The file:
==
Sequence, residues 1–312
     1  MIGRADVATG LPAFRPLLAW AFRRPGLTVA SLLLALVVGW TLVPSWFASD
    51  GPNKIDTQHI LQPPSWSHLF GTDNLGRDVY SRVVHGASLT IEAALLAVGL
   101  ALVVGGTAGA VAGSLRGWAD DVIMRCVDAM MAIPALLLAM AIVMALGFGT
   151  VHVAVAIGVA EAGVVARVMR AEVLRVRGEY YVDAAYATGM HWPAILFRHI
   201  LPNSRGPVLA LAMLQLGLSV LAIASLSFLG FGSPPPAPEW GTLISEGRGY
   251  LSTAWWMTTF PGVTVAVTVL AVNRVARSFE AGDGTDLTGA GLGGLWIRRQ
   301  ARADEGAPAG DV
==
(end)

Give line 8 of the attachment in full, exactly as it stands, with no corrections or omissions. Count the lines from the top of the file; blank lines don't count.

   301  ARADEGAPAG DV